The art of telling stories is complex, and there is always more to learn. As I read books or watch films, I’m always on the lookout for tips and ideas, seeking to learn how good stories work and why other stories leave me unimpressed.
I went to see the latest Star Wars film recently, and while it was enjoyable enough as an escape for a couple of hours, the overall story didn’t excite me too much. I also didn’t feel it totally succeeded in closing the whole Star Wars nine-film epic story in a satisfying way.
When I analysed why this might be, I came up with a number of lessons for my own writing.
Lesson One: Actions should have consequences
There was one moment in The Rise Of Skywalker where I was genuinely excited for the direction the story was taking. Rey attempts to rescue a friend, but while using the Force she ends up destroying the craft she believes him to be on.
Kylo Ren has been trying to get Rey to join the dark side, and so far she’s resisted. But with a moment when her own mastery of the Force comes into question, and when ‘good’ use of the Force has such a negative outcome, surely Rey will start to doubt. This, I felt, was going to be the start of her descent toward possibly turning to the dark side.
But this wasn’t to be. In the very next scene, we (and Rey) learn that her friend was on a different craft. Her failure to use the Force ‘correctly’ has no consequence (at least, for her), and she carries on as if nothing has happened.
The problem goes deeper, though. If the choices a character makes has no bearing on their success or failure, then they’re just along for the ride. And if nothing they do really matters, why should I care about them?
Second lesson: Story events must come from somewhere
There’s a well-known saying—plot twists should be surprising yet inevitable. They should shock us in the moment, but in hindsight it should be clear that this was the only way events could be played out. Think of the reveal in The Sixth Sense, and how it seems obvious on second viewing.
The Rise Of Skywalker fails in this right from the start, by suddenly mentioning that Palantine is not only alive and well, but also behind everything that happened over the two previous films. This reveal hasn’t been foreshadowed in these films, and his death seemed pretty definitive at the end of Return Of The Jedi.
It feels like a cheap move, or an attempt to pander to fans by bringing back an old character. Through the lens of story, it doesn’t work.
Just as actions must have consequences, events too must have origins. Otherwise, the story becomes nothing more than a bunch of stuff that happens.
Third lesson: The ending of a story is for tying everything together, not for introducing new characters and ideas.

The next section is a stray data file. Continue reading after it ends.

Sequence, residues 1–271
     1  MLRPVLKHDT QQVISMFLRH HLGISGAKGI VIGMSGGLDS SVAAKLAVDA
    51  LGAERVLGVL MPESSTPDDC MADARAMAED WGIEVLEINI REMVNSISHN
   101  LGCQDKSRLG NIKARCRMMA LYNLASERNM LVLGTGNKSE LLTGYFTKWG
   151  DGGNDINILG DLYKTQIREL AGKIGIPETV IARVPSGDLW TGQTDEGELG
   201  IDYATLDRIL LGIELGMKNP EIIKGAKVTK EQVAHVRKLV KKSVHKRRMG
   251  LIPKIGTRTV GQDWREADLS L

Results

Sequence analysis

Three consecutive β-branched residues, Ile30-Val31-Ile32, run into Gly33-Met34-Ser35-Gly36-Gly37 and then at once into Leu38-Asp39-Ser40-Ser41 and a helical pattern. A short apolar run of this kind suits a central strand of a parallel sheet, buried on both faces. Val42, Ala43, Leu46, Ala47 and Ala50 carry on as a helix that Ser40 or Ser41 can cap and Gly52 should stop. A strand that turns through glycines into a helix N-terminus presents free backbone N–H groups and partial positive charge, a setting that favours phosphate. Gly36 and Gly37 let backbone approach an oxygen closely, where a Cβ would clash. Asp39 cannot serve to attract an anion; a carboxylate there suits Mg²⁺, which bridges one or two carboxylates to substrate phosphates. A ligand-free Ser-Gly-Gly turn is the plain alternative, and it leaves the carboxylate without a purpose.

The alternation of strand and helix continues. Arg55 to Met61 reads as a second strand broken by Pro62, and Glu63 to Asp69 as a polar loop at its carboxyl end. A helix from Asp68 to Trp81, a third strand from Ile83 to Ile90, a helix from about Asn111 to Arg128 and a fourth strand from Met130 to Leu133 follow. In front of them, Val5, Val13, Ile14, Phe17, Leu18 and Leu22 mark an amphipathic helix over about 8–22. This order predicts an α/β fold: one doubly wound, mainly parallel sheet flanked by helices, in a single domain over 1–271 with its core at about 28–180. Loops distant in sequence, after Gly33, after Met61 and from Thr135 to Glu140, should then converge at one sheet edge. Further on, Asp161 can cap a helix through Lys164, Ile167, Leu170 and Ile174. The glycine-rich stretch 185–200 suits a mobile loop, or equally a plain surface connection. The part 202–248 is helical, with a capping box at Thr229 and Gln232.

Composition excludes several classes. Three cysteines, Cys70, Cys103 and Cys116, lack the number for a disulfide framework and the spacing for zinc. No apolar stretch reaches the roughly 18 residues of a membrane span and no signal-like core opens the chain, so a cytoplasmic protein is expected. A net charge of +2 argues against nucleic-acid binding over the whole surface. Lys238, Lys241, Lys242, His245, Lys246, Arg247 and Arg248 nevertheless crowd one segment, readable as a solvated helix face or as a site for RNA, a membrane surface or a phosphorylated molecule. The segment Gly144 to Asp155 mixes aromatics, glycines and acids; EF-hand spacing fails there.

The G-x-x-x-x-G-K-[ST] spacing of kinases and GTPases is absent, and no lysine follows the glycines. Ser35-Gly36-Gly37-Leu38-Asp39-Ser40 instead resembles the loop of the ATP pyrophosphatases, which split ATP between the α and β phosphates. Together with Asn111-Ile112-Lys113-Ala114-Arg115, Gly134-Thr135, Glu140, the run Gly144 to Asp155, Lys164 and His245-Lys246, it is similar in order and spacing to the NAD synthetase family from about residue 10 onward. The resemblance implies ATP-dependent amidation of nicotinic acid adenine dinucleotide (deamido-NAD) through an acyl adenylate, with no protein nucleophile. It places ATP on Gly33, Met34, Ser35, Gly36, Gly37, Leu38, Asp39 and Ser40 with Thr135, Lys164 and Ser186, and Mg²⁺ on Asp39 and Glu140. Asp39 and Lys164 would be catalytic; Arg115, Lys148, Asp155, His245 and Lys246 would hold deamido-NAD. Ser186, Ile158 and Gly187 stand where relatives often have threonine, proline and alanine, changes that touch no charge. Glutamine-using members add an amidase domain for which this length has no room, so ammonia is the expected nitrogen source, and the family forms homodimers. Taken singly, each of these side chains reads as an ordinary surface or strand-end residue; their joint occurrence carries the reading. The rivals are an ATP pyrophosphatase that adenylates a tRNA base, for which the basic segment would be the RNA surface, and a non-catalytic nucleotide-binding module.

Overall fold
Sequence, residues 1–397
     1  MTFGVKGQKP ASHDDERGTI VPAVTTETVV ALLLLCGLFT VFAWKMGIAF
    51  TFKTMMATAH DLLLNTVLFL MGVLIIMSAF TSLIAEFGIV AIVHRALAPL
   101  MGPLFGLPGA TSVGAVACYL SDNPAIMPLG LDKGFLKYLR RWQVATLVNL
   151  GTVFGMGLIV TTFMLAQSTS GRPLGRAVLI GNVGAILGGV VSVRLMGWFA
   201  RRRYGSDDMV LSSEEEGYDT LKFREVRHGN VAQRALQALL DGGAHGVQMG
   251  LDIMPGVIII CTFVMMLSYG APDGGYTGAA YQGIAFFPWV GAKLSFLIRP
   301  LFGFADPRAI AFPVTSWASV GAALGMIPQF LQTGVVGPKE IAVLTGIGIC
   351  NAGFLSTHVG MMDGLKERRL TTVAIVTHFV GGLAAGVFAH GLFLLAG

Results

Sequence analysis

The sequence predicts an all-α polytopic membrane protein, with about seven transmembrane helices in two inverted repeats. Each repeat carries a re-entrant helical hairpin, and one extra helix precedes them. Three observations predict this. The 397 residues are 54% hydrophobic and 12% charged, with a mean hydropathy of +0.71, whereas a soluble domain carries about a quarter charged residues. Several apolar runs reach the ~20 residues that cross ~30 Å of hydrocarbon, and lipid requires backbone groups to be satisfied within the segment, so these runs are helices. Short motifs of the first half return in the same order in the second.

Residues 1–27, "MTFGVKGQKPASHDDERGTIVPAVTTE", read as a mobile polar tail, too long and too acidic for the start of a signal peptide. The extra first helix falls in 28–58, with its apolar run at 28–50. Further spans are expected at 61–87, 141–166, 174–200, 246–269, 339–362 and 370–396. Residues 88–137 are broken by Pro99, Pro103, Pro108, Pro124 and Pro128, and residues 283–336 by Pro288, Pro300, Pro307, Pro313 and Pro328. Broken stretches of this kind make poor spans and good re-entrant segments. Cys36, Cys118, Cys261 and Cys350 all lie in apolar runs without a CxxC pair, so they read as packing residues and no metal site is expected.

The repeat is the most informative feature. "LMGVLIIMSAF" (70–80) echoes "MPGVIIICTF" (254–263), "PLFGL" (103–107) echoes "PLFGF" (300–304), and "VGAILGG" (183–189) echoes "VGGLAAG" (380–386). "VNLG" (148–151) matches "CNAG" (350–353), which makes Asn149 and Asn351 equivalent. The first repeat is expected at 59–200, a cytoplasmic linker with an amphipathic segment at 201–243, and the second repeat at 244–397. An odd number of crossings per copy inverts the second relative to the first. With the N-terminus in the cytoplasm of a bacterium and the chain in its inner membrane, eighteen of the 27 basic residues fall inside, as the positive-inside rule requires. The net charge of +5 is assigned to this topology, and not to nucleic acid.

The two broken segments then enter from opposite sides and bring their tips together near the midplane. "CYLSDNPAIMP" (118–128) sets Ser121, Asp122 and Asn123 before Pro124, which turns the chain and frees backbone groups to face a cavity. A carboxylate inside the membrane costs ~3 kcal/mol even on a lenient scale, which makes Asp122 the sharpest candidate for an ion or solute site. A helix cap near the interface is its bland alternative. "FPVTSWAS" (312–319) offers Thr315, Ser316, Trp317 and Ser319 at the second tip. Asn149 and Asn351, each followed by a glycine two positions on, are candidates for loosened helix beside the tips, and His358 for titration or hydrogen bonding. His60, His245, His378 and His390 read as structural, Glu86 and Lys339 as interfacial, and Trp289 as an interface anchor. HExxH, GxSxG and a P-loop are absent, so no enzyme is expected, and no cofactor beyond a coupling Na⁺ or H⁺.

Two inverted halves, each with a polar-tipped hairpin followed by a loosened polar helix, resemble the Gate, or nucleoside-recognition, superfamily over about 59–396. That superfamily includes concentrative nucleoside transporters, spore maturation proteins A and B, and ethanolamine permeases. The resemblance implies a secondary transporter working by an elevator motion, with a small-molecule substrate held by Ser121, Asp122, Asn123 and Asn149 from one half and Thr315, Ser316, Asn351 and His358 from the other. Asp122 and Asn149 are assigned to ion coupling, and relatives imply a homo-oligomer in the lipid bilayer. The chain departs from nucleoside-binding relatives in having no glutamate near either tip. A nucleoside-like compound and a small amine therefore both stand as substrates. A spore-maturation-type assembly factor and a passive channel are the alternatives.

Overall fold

There are some interesting ideas in The Rise Of Skywalker. We get insights into Poe’s back-story, and are introduced to a new (to us) character from his past. Also, we learn that Finn is not the only stormtrooper to have defected.
But this is the final chapter in a longer story. There isn’t the time orspace to develop these ideas, and ultimately they mean nothing. They feel tacked-on.
Maybe they serves some minor plot-point, or were an easy way to move the story on—but a well-told story would have found some other way of doing this. The ending should build on what has come before, not introduce new ideas and characters in order to work.
Lesson Four (the big one!): Have a vision for the whole story
The original Star Wars trilogy had a clear over-riding story (and I’ve written about this before, in this post), as did the prequel trilogy. But these latest three films, the sequel trilogy?
As one story, they’re a mess—and the reason for this seems to come down to a lack of clear direction. When JJ Abrams made The Force Awakens, it seems like he had some idea of where things were going, introducing plenty of open loops. But in The Last Jedi, Rian Johnson took things in his own direction (and, by all accounts, actively reversed many events set up in the previous film.) So in The Rise Of Skywalker, Abrams had to weave together a whole array of disparate plots.
Whatever he did, he was always going to disappoint people—fans of Johnson’s direction would accuse him of trying to undo, rewrite or ignore the previous film, while fans of his first film of the trilogy would moan about how Johnson derailed the whole thing, forcing Abrams’ hand too much.
A story should build. Yes, it will probably go through twists and turns—but eventually, these will be resolved in a way that (in hindsight at least) makes sense. Again, a story is not just a bunch of stuff that happens, but a coherent whole.
This is true of individual stories (books, films etc), but also true of a series. The seeds of the eventual ending should be sown early on, and the final chapter (episode) should build on everything that has come before.
So, four reasons why The Rise Of Skywalker left me underwhelmed, as both its own story and the final chapter in a series. And (more importantly) four lessons that I can take into my own writing.